Subtle Clues to Ankle Rocker Pathology: How good are your powers of observation ?

There are clues showing you there is motor pathology to ankle dorsiflexion, if you are paying close enough attention.

When we see motor pathology in ankle dorsiflexion we immediately begin to think about impairment to hip extension range of motion, gluteal strength, motor coordination and many other issues.

Here is a simple case. Observation skills are your greatest superpower when it comes to figuring out many gait and movement problems. But, you have to know what to look for and know what they mean before you can even hope to know how to fix things.
This is a simple video. It shows active ankle dorsiflexion in supination. We asked the client (a runner with right heel and persistent sesamoid pain following a healed sesamoid fracture) to perform simple ankle dorsiflexion. This is what we saw.

It should be clear to the observer that the end of the video shows attempted right dorsiflexion pulls the 2-5 toe extensors into the pattern quite aggressively and as a dominating faction. One can see toe abduction and extension with surprisingly little help from the long hallux toe extensor (EHL).  Dorsiflexion also fatigued early on the right. There is only one reason that the lesser toe extensors (EDL & EDB) are being over recruited, it’s because the EHL and tibialis anterior are weak and/or inhibited or have been pattern corrupted for one reason or another. Depending on this smallest of anterior compartment muscles over the EHL and tib anterior will mean that ankle rocker (dorsiflexion) is impaired. It also means that abnormal forefoot valgus posturing is expected (we could make a case for valgus or varus depending on other variables present). Passive ROM assessment confirmed the impaired ankle rocker with barely greater than 90 degrees ankle dorsiflexion ROM. This impairment will possibly do many things including:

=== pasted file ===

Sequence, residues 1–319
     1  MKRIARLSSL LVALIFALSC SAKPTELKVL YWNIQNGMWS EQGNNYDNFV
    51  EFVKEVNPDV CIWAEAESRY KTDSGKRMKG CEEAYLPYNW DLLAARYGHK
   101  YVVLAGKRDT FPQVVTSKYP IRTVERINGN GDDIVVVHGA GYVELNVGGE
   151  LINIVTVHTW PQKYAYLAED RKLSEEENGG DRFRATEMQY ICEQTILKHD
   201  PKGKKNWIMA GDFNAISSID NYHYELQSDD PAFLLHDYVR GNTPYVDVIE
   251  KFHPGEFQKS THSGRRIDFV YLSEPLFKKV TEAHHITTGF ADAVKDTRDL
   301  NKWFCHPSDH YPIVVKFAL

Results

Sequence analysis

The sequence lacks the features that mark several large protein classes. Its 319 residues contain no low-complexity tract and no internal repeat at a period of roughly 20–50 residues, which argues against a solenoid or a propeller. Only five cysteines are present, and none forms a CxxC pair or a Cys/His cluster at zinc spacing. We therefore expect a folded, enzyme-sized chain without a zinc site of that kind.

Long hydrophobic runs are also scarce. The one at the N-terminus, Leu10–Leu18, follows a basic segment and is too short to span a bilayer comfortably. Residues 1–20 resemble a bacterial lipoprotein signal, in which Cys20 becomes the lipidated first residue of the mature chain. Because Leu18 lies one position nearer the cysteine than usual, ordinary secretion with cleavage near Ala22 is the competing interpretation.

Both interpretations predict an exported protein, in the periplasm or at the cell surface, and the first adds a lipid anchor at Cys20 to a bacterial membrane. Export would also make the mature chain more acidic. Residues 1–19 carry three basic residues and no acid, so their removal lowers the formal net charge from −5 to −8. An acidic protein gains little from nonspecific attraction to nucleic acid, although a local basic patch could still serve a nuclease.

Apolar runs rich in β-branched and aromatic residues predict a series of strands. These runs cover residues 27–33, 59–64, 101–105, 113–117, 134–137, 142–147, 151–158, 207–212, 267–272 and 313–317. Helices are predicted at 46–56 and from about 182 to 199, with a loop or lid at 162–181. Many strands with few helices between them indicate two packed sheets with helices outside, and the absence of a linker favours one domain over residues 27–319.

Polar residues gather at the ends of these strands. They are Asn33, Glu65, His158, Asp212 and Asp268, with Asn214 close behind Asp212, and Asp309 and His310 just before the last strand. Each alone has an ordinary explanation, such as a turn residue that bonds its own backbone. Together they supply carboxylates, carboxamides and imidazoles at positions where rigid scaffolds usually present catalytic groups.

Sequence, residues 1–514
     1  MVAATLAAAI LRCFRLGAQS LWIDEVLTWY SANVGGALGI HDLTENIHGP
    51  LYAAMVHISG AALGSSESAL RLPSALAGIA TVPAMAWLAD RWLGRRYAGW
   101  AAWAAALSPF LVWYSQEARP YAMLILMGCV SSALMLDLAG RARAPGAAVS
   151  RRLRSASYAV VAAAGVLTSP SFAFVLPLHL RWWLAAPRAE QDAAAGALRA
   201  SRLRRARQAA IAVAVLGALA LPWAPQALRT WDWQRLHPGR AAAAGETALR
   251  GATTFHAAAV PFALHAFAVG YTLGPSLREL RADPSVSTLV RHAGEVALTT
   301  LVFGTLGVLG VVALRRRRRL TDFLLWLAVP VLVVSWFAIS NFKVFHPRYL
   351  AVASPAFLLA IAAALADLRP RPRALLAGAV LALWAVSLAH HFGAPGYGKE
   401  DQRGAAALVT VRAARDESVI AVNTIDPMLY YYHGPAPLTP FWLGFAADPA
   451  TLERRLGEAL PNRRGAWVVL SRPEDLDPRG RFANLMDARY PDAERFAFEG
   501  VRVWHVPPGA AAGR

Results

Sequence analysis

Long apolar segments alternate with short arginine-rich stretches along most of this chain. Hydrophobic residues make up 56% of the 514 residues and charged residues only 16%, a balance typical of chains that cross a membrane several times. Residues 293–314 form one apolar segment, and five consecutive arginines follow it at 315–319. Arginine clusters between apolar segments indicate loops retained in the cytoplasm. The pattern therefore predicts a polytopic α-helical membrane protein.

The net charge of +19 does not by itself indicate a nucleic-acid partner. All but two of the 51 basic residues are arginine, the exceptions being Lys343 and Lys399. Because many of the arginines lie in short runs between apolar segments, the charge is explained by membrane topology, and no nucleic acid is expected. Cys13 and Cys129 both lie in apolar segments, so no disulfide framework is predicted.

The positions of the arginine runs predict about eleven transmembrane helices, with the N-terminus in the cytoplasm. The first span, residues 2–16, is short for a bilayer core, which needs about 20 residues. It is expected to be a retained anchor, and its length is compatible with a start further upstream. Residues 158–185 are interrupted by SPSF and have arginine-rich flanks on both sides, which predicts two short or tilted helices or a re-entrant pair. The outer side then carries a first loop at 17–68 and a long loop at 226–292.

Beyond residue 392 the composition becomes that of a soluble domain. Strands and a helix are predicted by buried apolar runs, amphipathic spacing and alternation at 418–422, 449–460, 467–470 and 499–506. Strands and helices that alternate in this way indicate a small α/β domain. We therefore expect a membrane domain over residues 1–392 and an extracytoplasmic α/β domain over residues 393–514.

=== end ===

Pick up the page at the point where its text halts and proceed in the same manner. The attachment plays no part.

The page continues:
• premature heel rise
  • premature gastrocsoleus engagement
  • accentuated rear foot eversion (Rearfoot pronation)
  • midfoot pronation
  • strain of plantar fascia
  • premature forefoot loading response (strong clue for clients sesamoid fracture and persistent pain)
  • anterior/ posterior shin splints
  • hallux VALgus /bunion formation
  • long toe flexor dominance and many other things.

This clinical find plays nicely into the clients multiple symptoms (plantar pain and sesamoid problems) and functional gait pathology.
Restoring proper motor hierarchy and synchrony to the ankle dorsiflexion team (tib anterior, peroneus tertius, EDL, EHL) will reduce the need for solitary group overuse and impart forces where they should be when they need to be present. Impair the synchrony and problems ensue.

Help your client achieve the motion at the ankle mortise and they do not have to pass the buck into the foot.  Always test for skill, endurance and strength. Endurance is the most often forgotten assessment.  If endurance is lost early, the brain will begin to block out that end range of motion because it cannot be trusted, and thus posterior compartment tightness will be detected. This is an often common source of regional achilles and para-achilles tendonopathy. If your clients symptoms take time during activity to develop looking at the endurance of motor patterns may give the clue to your solution. 

Simple case, but you have to know your normal gait parameters, know functional anatomy and know how impaired mechanics factor into injury. 

Shawn and Ivo

The gait guys